Acting Gov. Blair Lee III recalled yesterday how his great-great-grandfather had to spend a full day on horse back to get from his residence in downtown Washington, the Blair House, to his summer home in Silver Spring.
Yesterday, standing near the futuristic new Metro station a half mile from his boyhood home in Silver Spring, Lee and other area politicians inagurated the stretch of Metro rail which will cut that trip to about 17 minutes beginning Monday, linking Maryland, Virginia and Washington for the first time.
An estimated 35,000 people helped celebrate the opening of the Silver Spring extension to the Red Line by taking free rides back and forth between the four new stations - Silver Spring, Brookland, Takoma and Fort Totten.
Bands played pennants waved, and kids took off from school for the occasion: the high-spirited fun before things get serious next week.
"I'm very pleased to be standing on a Prince George's-owned platform, waving a Montgomery County flag, sitting beside the mayor of Washington and with representative from Virginia," said Sen. Paul S. Sarbanes (D-Md.)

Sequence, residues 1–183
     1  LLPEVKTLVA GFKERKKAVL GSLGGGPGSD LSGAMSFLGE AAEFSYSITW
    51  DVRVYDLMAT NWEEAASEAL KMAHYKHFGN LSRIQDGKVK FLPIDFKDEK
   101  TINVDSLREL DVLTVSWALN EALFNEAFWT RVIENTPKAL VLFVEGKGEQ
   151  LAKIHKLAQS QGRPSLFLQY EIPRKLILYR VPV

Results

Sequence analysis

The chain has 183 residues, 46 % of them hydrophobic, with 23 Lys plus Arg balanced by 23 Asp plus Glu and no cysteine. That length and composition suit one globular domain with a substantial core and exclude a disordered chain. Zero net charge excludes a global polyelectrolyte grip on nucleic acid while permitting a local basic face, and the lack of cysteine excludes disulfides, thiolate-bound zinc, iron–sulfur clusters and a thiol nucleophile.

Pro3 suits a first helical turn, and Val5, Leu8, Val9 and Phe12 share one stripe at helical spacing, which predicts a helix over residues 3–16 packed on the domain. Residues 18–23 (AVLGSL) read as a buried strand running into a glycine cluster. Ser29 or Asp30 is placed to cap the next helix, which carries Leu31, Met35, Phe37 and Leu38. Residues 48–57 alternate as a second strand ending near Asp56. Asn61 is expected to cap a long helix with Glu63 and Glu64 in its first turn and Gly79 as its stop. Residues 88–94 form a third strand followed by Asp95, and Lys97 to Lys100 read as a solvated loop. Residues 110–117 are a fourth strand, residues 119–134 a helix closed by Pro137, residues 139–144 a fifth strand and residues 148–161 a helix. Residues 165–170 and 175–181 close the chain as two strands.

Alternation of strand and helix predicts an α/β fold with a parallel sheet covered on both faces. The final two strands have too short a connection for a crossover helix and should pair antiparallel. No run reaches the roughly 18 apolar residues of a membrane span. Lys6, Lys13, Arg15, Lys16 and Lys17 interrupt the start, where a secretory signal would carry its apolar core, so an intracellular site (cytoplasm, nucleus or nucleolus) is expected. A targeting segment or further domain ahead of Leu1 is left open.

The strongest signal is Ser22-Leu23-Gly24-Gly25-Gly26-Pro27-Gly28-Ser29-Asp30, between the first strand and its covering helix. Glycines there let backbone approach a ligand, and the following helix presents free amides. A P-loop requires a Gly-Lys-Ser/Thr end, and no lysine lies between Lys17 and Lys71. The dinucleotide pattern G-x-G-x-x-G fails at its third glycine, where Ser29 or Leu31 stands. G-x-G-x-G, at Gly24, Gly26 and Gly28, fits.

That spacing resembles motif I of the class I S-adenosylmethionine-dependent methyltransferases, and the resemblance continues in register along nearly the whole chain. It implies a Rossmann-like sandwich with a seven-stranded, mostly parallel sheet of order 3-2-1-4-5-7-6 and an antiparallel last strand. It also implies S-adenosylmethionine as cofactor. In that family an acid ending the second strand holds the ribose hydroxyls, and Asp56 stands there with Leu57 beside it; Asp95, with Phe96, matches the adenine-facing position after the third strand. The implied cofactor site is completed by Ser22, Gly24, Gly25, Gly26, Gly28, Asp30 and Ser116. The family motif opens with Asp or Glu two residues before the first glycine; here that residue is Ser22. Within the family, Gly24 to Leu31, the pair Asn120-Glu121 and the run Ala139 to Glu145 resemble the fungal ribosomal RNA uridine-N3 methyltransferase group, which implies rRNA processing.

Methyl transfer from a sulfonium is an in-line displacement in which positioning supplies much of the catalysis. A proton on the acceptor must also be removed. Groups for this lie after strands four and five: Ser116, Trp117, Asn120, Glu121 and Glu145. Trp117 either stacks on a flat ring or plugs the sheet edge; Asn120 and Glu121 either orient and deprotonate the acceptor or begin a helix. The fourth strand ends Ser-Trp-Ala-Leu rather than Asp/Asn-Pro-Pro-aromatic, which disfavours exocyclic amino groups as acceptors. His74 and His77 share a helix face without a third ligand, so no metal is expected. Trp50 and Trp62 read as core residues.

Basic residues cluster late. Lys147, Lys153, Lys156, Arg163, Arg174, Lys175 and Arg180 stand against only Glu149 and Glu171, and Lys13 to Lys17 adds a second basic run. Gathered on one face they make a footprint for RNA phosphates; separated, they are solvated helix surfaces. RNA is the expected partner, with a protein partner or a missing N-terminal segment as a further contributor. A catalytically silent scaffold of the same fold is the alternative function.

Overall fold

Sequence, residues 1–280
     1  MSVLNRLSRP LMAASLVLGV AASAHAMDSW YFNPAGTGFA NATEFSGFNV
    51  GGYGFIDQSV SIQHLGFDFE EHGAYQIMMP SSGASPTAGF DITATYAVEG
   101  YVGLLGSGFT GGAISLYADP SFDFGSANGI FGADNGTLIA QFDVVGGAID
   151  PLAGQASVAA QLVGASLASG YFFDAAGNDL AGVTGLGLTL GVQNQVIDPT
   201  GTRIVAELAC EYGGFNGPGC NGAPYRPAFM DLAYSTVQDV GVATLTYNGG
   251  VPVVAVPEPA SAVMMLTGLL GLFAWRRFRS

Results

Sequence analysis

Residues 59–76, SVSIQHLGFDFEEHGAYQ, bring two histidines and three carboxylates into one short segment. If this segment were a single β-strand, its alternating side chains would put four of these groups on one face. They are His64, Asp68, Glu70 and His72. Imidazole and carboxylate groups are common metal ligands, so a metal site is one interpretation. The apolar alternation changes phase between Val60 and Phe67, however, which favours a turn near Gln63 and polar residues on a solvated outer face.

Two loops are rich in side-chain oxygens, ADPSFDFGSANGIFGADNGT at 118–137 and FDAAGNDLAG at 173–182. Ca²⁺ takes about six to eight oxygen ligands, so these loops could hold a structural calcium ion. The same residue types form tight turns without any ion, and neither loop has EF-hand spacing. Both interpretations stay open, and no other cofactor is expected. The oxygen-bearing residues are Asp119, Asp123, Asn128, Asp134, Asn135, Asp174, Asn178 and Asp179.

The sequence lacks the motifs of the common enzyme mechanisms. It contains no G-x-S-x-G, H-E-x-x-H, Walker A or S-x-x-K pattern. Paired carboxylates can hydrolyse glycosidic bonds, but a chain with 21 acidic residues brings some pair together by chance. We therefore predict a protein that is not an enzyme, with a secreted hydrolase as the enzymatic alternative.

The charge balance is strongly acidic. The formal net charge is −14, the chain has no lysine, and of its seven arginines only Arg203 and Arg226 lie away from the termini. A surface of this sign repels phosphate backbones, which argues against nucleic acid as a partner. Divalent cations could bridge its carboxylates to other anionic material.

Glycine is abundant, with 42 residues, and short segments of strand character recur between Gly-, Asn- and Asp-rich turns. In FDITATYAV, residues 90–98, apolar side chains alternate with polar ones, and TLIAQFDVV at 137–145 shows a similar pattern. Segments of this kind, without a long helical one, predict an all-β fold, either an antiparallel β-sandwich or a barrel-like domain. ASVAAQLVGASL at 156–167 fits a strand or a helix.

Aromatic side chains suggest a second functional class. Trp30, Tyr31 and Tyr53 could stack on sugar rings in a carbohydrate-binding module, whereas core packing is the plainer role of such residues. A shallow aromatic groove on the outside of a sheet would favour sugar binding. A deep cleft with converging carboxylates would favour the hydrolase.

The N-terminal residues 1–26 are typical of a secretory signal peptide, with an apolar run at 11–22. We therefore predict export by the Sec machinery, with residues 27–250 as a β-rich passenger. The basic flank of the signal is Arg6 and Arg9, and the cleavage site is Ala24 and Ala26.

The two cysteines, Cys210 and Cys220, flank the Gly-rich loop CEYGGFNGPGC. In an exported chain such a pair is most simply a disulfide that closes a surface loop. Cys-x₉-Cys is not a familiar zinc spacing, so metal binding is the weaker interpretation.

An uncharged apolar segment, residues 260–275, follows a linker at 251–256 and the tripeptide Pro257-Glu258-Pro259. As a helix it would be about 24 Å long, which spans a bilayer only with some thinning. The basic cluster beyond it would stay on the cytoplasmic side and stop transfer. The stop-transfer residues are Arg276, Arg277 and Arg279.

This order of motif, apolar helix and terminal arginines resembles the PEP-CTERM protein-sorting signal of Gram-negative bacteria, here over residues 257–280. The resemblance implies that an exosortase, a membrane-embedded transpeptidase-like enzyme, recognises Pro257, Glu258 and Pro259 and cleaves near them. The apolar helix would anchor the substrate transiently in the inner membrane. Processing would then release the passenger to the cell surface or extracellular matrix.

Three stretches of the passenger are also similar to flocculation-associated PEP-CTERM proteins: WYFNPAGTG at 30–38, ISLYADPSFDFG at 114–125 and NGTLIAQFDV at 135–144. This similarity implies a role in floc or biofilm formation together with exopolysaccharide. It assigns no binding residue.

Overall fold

At Brookland, the first stop on the ceremonial tour, Angela Rooney declared to triumphant cheers that "we, the citizens of Brookland, stand on the land saved from destruction from the now-defunct Northeast Freeway."
"They said it would be a cold day when Metro came to Maryland, and it is, "joked Rep. Newton I. Steers Jr. (R-Md.) during outdoor ceremonies in Silver Spring.
The crowd of 500 residents and dignitaries, catching the drift of his jab at the regional feuds that occasionally threaten Metro's future, laughed and stomped their feet to thaw their toes.
"You know, I felt like they must have felt back in the 1800s when they hammered the last peg linking eastern and western U.S. by railroad," said Del. Lucille Maurer (D-Montgomery) afterwards.
"This is much better than the New York subways," said John Marsh, a Silver Spring banker who rode the train yesterday. "For one thing, you can't write graffitti on the ceilings" of the cavernous Metro stations.
"I think it's fine," said Floreencio Sandaval. "It's almost as good as the one in Munich."
And Montreal and Toronto, added Ivy Fraser of Silver Spring.
"I just like all kinds of trains," Evelyn Sandaval commented. "Subway trains especially. I always feel like I'm going somewhere." Lark of Children